Wild and Tame: The Two Sides of Carbon Canyon
Carbon Canyon Regional Park offers some much-needed “breathing room” for fast-growing northeastern Orange County. The park has both a natural area, with trails that connect to nearby Chino Hills State Park, and a more developed part with wide lawns, tennis courts, ball fields, picnic grounds and a lake.
The park spreads up-canyon behind Carbon Canyon Dam. As Orange County grew, so did the need for flood control, and in 1959 a dam was built at the mouth of the canyon. If, as a result of winter storms, the Santa Ana River rises too high, the dam’s flood gates will be closed, thus sparing communities downstream of the dam but flooding the park.
A century ago, the arrival of the Santa Fe Railroad precipitated a minor land boom. Farmers and ranchers rushed to the area. Cattle and sheep were pastured in the canyon now called Carbon.
An Oil Boom
But it was another boom--an oil boom--that put Carbon Canyon on the map. E. L. Doheny, soon to become one of Los Angeles’ leading boosters, discovered oil in the area in 1896. His company and several others drilled the foothills of Orange County. The name Carbon was applied to the canyon because of the many dried-up oil seeps in evidence.
Santa Fe Railroad tracks were extended to the mouth of Carbon Canyon to haul out the oil. At the end of the tracks was the oil town of Olinda (incidentally, the boyhood home of baseball pitcher Walter Johnson. “Big Train,” as the hurler was known, pitched for the Washington Senators and led the American League in strikeouts each year from 1912 to 1919. Olinda boomed until the 1940s when the oil fields began to play out.
The undeveloped part of Carbon Canyon Regional Park is a narrow corridor along Carbon Canyon Creek. A 1-mile nature trail leads creek-side through an interesting mixture of native and foreign flora. At the park entrance station, you can pick up an interpretive pamphlet, which is keyed to numbered posts along the nature trail and details points and plants of interest.
During the summer months, early morning and late afternoon are the most comfortable times to hit the Carbon Canyon Nature Trail. Rewarding the hiker at trail’s end is a small, shady redwood grove.
For more information about Carbon Canyon Regional Park, call (714) 996-5252.
Directions to trail head: From California 57 in Brea, exit on Lambert Road. Drive 4 miles east on Lambert (which changes to Carbon Canyon Road east of Valencia Avenue) to the park entrance. There’s a $1.50-per-vehicle entry fee.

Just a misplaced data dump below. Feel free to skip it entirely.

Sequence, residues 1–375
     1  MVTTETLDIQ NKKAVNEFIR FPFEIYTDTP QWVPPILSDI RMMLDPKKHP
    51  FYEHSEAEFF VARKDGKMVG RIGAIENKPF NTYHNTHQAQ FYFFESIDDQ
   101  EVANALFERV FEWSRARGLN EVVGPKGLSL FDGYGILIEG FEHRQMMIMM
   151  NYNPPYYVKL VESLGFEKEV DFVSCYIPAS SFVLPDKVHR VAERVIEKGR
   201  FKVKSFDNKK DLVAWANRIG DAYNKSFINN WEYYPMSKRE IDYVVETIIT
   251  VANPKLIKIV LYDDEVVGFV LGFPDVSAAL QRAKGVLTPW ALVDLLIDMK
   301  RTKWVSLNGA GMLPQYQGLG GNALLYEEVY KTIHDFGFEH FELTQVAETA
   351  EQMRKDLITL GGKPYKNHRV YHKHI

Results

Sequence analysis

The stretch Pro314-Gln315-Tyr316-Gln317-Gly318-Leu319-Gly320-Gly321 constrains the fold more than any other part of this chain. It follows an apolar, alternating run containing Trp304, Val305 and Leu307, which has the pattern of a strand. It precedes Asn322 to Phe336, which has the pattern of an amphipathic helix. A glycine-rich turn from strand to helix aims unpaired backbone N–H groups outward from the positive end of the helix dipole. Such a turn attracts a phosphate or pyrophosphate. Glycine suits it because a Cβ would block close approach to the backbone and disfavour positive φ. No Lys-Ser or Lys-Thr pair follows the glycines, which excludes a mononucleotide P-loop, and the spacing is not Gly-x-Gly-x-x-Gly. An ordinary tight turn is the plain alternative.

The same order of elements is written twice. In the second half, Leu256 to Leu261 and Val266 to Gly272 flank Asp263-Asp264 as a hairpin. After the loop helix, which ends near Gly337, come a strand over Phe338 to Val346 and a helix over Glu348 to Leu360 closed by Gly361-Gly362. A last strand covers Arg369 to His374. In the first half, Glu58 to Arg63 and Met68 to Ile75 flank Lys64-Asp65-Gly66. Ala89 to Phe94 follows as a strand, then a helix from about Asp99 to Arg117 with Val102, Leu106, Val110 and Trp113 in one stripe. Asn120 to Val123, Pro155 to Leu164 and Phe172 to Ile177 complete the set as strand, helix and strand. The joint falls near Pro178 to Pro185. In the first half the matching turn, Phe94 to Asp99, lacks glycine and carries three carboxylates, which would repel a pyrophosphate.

The Hike: From the parking area, walk back to the entrance station, and you’ll spot the signed trail in a stand of pine just east of the park entrance. On closer inspection, you’ll discover that the trees are Monterey pines, native to California but not to this area. This stand is a holdover from a Christmas-tree farm that was operated before the park opened in 1975.
Less celebrated than the Monterey cypress but almost as rare, the Monterey pine is found growing naturally within Point Lobos State Reserve and at only two other areas along the California coast. This fog-loving, three-needled pine has a very restricted natural range; however, it is cultivated for timber all over the world, particularly in the South Pacific.
Cross the Creek
From the pines, the nature trail descends to the Carbon Canyon creek bed. After crossing the creek, the trail forks. (The path to the left leads toward Telegraph Canyon and to a network of hiking trails that crisscross Chino Hills State Park. The 8-mile length of Telegraph Canyon, home of native walnut groves, is well worth exploring.) Carbon Canyon Nature Trail heads right with the creek bed.
Creek-side vegetation is dominated by mustard, castor bean and hemlock. You’ll also find two exotic imports--the California pepper tree, actually a native of Peru, and some giant reeds, bamboo-like plants that harm the native plant community because they hog a great deal of the scarce water supply.
At the trail’s midpoint, there’s a distinct but unmarked side trail that angles across the creek bed to the developed part of the park. If for some reason you want to call it a day, here’s your exit point.
As you near trail’s end, you’ll get brush-framed glimpses of Carbon Canyon Dam. The trail ascends out of the creek bed to the park’s redwood grove. The redwoods, planted in 1975, have a lot of growing to do before they rival their majestic cousins to the north.
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